4. Build diplomatic, not military partnerships. It is time to move diplomacy to center stage, not just as a sideline to military actions. The big‐power diplomacy we see endlessly on our TV screens must be matched by Syrian diplomacy. Eventually that means everyone involved needs to be at the table: the Syrian regime; civil society inside Syria including nonviolent activists, women, young people, internally displaced, and refugees forced to flee Syria (Syrian, Iraqi, and Palestinian); the Syrian Kurds, Christians, Druze, and other minorities as well as Sunnis, Shi’a, and Alawites; the armed rebels; the external opposition and the regional and global players – the US, Russia, European Union, Iran, Saudi Arabia, the UAE, Qatar, Turkey, Jordan, Lebanon and beyond. A tall order perhaps; but in the long run inclusion will be more effective than exclusion. Meanwhile, Kerry and Lavrov would do well to put on the table immediate plans to pull out their own military forces. Tensions between the two nuclear‐armed giants are already far too high. Solving Syria might – just possibly ‐ be the project that finally teaches them a peace lesson. There is no military solution. Russia, like other players, has its definite geostrategic interests. It rightly points to the double standards of Western politicians and their media supporters which are evident when we look at their actions (direct or indirect) in fomenting hostilities right across the region. But Russia too has civilian blood on its hands and cannot be regarded as a disinterested peace promoter. This is why a wider grouping of states needs to be brought together. The search for broader diplomatic solutions in the United Nations covering both ISIS and the civil war in Syria means, in the short run, greater support for efforts to negotiate local ceasefires, to allow humanitarian aid into, and evacuation of civilians from, besieged areas. What is not needed is another Coalition of the Willing; instead we should be making an early start on a Coalition of the Rebuilding.
5. Increase economic pressure on ISIS ‐ and all other armed groups. Islamic State is a special case and represents an especially lethal threat. It must indeed be rolled back; but brutal counter‐ force, such as we now see in the assault over the border on Mosul, is unlikely to provide a satisfactory long‐term solution. It fails to get at the roots of the problem and we share the fears of UN officials that it could provoke a huge humanitarian disaster. The West must instead work harder to tighten the funding flows to ISIS, notably by preventing oil companies, and especially Turkish middlemen, from trading in 'blood oil'. Bombing oil truck convoys has serious environmental as well as human impacts; it would be more effective to make it impossible for ISIS oil to be sold. Furthermore, Washington should crack down on its allies' support for armed factions, including al Qaeda and ISIS. Most analysts agree that a major part of ISIS and other armed groups' funding comes from Saudi Arabia; whether it comes from official or unofficial sources, the Kingdom certainly has enough control of its population to end the practice.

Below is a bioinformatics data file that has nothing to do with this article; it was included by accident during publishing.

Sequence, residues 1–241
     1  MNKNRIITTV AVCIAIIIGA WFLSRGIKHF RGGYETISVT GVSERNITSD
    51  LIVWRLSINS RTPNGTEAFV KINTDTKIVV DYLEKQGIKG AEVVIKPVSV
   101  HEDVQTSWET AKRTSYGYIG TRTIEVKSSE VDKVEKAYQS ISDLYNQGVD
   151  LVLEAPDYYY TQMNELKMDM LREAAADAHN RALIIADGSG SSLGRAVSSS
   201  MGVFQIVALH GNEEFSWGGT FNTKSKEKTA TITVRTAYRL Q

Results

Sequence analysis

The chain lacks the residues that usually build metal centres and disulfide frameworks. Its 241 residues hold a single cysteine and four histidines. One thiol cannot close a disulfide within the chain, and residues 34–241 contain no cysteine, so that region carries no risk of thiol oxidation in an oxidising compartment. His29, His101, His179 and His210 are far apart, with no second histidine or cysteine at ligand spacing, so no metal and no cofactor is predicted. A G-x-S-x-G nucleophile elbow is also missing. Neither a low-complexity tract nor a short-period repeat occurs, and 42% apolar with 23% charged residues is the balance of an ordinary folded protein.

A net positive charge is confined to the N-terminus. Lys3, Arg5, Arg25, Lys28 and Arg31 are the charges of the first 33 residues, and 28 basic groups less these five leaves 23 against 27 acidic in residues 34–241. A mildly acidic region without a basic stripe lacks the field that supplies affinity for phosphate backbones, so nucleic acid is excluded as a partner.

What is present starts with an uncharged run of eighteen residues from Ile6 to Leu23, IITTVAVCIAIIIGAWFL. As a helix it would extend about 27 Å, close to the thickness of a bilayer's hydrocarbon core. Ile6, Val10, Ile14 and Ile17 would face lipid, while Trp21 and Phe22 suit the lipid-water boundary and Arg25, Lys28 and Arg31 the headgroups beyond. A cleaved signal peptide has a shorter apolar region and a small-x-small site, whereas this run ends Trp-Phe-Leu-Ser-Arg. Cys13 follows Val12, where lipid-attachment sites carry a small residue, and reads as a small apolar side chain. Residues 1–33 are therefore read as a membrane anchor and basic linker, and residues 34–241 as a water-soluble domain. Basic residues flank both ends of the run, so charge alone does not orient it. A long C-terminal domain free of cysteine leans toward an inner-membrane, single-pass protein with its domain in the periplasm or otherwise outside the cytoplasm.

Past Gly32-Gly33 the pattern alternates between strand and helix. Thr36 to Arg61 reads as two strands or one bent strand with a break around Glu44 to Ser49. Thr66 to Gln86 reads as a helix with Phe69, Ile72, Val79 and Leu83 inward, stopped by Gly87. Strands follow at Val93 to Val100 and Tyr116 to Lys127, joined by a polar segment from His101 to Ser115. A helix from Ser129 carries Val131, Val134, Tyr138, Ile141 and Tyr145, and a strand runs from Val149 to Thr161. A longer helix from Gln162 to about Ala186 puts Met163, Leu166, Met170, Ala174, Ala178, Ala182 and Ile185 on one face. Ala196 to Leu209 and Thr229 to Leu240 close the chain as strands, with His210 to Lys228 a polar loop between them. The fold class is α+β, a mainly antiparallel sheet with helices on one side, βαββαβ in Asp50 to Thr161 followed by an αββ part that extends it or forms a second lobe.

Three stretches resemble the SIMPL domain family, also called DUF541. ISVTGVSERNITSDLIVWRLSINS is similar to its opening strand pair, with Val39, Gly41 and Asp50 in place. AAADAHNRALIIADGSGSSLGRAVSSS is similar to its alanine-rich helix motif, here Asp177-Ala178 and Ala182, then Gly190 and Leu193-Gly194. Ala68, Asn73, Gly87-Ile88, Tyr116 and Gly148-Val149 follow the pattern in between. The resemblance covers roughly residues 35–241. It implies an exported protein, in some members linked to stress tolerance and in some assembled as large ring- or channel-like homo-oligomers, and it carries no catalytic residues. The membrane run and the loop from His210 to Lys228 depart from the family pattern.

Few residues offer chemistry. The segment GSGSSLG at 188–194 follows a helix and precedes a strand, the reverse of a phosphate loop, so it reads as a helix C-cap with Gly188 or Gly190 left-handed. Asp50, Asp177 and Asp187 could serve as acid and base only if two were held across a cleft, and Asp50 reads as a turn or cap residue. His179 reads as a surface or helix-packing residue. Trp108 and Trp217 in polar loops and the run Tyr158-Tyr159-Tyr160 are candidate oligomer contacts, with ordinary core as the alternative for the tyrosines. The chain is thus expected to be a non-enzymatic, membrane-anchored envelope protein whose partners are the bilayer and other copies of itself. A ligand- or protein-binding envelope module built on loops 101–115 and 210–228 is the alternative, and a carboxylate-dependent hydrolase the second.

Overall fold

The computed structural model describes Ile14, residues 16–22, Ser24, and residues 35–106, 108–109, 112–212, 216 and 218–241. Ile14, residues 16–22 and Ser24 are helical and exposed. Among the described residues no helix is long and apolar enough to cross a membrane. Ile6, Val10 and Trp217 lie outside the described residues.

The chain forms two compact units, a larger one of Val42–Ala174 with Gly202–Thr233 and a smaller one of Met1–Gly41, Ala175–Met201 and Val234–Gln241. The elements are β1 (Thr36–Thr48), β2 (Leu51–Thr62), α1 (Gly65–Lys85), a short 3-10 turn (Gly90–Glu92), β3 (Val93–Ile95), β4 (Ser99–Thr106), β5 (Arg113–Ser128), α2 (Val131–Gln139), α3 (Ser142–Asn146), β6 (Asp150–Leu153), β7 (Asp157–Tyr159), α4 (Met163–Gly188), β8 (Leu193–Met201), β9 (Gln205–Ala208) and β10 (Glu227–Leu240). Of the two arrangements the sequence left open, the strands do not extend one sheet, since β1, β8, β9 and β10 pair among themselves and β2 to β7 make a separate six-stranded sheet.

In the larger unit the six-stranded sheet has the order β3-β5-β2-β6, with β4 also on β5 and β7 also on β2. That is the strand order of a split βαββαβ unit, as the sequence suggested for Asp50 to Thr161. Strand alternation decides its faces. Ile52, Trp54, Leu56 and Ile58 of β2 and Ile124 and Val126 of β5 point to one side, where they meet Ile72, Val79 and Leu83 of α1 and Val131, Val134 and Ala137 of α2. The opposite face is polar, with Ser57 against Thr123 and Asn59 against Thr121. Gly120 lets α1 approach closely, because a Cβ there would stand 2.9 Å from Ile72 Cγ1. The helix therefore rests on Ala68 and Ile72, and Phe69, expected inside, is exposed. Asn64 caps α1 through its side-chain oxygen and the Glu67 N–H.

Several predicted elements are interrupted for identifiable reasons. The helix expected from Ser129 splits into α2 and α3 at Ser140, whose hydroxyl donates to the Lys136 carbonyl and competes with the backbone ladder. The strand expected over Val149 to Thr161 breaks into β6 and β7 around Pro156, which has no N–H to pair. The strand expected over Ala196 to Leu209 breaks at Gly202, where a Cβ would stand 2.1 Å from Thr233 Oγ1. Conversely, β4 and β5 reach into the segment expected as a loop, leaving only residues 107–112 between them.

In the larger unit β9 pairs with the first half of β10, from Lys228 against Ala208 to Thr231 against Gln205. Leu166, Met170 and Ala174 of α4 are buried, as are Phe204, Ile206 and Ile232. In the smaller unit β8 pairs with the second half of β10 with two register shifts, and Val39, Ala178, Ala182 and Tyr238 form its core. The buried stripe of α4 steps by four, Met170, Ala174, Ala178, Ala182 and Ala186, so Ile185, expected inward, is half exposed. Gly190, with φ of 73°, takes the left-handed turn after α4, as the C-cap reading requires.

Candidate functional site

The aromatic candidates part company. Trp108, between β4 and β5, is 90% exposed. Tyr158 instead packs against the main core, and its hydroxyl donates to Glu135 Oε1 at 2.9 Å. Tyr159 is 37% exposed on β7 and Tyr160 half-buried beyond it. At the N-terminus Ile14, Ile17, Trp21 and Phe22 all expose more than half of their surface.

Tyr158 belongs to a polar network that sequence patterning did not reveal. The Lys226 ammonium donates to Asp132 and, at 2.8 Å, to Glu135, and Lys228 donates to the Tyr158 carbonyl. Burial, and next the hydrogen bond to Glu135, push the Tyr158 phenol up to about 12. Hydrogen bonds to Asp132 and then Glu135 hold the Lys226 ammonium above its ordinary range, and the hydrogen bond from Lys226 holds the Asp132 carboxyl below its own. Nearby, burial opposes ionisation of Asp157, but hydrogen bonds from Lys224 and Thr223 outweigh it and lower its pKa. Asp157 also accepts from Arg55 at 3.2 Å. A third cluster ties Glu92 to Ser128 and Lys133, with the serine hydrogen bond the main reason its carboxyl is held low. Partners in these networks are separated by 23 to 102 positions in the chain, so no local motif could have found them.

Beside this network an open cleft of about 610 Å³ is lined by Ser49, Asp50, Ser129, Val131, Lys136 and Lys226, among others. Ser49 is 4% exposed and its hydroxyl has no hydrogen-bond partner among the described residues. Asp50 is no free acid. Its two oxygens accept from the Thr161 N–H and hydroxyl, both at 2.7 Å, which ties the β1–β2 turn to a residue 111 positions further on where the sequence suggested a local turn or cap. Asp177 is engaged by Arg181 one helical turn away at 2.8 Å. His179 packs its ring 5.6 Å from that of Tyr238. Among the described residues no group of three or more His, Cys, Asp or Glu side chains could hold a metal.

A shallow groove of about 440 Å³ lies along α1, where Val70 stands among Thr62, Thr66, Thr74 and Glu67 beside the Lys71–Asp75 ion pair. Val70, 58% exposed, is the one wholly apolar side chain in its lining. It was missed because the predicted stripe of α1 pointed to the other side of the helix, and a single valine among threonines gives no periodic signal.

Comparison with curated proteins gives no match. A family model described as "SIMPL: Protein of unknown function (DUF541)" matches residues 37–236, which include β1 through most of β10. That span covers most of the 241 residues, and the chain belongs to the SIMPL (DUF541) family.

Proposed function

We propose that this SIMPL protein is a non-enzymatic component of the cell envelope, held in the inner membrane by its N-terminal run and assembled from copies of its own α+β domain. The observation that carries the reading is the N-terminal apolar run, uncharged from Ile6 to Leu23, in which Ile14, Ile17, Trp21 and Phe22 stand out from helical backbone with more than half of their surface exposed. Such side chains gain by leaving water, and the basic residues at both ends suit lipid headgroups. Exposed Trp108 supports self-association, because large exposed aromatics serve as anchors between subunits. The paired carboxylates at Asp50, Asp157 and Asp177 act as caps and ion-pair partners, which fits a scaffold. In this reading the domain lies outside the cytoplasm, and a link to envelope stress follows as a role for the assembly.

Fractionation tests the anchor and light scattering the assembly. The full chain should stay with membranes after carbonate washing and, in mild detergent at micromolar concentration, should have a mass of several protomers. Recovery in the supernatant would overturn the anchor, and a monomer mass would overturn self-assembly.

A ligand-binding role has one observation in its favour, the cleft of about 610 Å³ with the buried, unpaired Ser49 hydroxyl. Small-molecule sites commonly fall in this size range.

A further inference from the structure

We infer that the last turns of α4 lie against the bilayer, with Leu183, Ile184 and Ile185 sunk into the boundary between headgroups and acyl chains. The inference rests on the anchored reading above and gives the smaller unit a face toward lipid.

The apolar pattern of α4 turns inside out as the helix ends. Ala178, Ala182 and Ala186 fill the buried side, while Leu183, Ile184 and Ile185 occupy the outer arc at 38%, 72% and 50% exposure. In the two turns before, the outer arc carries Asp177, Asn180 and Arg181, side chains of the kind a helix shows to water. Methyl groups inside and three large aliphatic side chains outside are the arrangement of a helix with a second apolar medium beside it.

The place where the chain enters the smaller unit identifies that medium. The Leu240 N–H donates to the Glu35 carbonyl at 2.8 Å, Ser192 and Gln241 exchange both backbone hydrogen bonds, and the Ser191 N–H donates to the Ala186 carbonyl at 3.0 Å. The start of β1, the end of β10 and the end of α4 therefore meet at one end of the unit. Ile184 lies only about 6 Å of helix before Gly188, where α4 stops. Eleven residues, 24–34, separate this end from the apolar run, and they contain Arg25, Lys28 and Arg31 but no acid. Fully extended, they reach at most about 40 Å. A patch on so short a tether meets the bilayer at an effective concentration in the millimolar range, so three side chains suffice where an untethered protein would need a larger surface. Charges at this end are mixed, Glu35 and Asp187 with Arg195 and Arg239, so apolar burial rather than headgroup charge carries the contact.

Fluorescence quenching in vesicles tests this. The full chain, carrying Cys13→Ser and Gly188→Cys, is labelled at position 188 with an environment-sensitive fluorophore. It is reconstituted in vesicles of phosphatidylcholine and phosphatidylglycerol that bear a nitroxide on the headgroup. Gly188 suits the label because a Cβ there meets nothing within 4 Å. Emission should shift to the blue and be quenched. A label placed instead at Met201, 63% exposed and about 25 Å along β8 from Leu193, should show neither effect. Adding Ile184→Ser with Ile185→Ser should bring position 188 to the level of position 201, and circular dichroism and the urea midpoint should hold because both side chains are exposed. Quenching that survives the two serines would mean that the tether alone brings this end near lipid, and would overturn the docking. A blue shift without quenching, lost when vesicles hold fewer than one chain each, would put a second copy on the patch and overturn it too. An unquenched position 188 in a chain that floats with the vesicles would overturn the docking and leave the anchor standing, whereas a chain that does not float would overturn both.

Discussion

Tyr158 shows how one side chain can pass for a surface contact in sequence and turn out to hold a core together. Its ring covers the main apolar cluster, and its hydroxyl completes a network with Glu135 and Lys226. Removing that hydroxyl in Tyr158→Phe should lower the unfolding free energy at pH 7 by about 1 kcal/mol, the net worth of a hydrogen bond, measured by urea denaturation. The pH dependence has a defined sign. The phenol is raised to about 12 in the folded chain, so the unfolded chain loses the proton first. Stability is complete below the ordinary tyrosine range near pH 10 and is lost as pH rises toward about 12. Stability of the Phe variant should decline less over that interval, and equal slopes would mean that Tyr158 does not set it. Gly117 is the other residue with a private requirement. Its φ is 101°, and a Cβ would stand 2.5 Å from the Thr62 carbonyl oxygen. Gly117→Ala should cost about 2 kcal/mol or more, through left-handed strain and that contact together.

6. Increase humanitarian contributions for refugees and expand resettlement commitments. Western powers must massively increase their humanitarian contributions to United Nations agencies for the millions of refugees and internally displaced people both inside and fleeing from both Syria and Iraq. Money is desperately needed both inside Syria and in the surrounding countries. The US and EU have pledged significant funds, but much of it has not actually been made available to the agencies, and more must be pledged and delivered. But the crisis is not only financial. IPB argues that we should open much wider the doors of western countries to refugees. It is unacceptable that Germany takes 800,000 while other countries – including those who promoted the Iraq War in the first place – accept only a few thousand, and some, like Hungary, flatly refuse the concept of inter‐European solidarity and sharing. The action we propose is not simply that required by normal human solidarity. It is our legal obligation as signatories to the Refugee Convention. While we recognize the political difficulty of such a position given the current public mood, the responses of rich Western countries are simply inadequate. Specific measures can be taken: for example, humanitarian corridors should be established (with organized transport), so that people fleeing war don't have to risk their lives all over again on the Mediterranean. Winter is coming fast and we shall see many more tragic deaths unless a new policy is adopted rapidly.
CONCLUSION: Syria is tough. Everyone knows the political solution is extremely challenging and will take a long time to resolve. Yet it is precisely when the situation is most serious that negotiations need to be pursued. The fact that some of the interlocutors have committed unacceptable acts is not a reason to abandon talks. We call for local and regional ceasefires, humanitarian pauses and any other means that allow the rescue services to reach the civilian population. Meanwhile we urge an immediate shift in key policies, such as putting in place an arms embargo on all sides, and removing foreign forces from the battle zone. We also call for a review of all sanctions against Syria, some of which tend to penalize the civilian population.
Finally, we urge our colleagues in the civil society movements in all continents to maintain and build up their mobilizations. The politicians and diplomats need to know that world opinion wants action and will not tolerate any further prolongation of this appalling carnage. Winning the war (by any side) is not an option now. What matters is ending it.